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Anti-pharming techniques and technology are used to combat pharming.

Traditional methods for combating pharming include: Server-side software, DNS protection, and web browser add-ins such as toolbars. Server-side software is typically used by enterprises to protect their customers and employees who use internal or private web-based systems from being pharmed and phished, while browser add-ins allow individual users to protect themselves from phishing. DNS protection mechanisms help ensure that a specific DNS server cannot be hacked and thereby become a facilitator of pharming attacks. Spam filters typically do not provide users with protection against pharming.

Currently the most efficient way to prevent pharming is for end users to make sure they are using secure web connections (HTTPS) to access privacy sensitive sites such as those for banking or taxing, and only accept the valid public key certificates issued by trusted sources. A certificate from an unknown organisation or an expired certificate should not be accepted all the time for crucial business. So-called active cookies[1] provide for a server-side detection tool.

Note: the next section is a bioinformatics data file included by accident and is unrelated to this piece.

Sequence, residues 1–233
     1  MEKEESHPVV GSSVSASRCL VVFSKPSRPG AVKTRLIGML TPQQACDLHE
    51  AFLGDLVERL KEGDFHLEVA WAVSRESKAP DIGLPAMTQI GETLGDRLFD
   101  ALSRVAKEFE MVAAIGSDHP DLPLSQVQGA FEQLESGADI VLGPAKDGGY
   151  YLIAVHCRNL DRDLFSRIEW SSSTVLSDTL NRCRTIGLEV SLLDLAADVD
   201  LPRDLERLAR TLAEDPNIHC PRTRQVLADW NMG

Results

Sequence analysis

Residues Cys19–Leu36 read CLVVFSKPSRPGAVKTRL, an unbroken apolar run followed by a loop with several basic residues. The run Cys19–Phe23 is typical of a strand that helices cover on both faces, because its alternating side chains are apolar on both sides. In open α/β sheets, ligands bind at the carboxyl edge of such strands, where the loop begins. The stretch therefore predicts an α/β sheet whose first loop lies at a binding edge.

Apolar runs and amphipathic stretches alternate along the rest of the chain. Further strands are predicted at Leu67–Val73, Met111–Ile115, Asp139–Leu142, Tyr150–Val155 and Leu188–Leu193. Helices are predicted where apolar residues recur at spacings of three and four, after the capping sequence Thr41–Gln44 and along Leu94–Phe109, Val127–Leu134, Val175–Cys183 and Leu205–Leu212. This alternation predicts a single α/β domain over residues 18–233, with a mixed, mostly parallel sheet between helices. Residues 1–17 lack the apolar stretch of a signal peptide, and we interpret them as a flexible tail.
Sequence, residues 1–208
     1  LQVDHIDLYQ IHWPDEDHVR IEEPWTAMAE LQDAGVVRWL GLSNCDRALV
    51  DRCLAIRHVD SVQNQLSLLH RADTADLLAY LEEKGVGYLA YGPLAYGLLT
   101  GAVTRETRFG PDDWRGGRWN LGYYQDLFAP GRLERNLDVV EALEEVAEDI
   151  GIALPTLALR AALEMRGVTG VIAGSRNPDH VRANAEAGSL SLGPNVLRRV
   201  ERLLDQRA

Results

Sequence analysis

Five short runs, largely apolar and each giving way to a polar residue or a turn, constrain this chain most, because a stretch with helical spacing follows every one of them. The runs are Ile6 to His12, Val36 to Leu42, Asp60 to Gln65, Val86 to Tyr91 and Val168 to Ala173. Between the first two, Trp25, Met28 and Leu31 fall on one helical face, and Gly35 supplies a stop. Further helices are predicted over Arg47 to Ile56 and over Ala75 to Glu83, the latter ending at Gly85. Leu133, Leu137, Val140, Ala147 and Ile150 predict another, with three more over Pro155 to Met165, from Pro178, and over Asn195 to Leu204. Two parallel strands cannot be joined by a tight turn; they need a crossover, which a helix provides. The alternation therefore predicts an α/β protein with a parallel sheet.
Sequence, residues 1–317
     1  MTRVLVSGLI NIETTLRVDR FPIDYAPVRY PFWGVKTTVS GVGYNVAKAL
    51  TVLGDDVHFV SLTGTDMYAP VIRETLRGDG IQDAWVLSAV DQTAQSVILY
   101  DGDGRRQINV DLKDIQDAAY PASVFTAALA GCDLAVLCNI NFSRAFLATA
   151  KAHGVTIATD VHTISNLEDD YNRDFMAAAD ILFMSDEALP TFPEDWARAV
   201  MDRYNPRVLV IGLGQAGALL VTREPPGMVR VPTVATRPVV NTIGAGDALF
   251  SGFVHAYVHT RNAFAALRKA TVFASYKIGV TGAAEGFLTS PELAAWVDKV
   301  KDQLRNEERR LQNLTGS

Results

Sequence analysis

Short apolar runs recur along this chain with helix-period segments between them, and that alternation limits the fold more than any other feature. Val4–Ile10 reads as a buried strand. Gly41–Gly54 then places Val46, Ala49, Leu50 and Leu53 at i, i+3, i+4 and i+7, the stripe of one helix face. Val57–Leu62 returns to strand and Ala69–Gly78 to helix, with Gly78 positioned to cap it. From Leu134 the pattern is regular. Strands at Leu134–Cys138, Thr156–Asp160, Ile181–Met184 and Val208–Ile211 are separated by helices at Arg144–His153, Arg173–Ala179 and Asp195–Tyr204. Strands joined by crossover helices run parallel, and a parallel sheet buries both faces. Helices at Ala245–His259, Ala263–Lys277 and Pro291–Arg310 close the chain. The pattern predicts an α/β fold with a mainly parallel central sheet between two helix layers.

Legislation also plays an essential role in anti-pharming. In March 2005, U.S. Senator Patrick Leahy (D-VT) introduced the Anti-Phishing Act of 2005, a bill that proposes a five-year prison sentence and/or fine for individuals who execute phishing attacks and use information garnered through online fraud such as phishing and pharming to commit crimes such as identity theft.

For home users of consumer-grade routers and wireless access points, perhaps the single most effective defense is to change the password on the router to something other than the default, replacing it with a password that is not susceptible to a dictionary attack.

See also[edit]


  1. ^ "Active Cookies for Browser Authentication" (PDF). Archived (PDF) from the original on 17 December 2006. Retrieved December 3, 2006.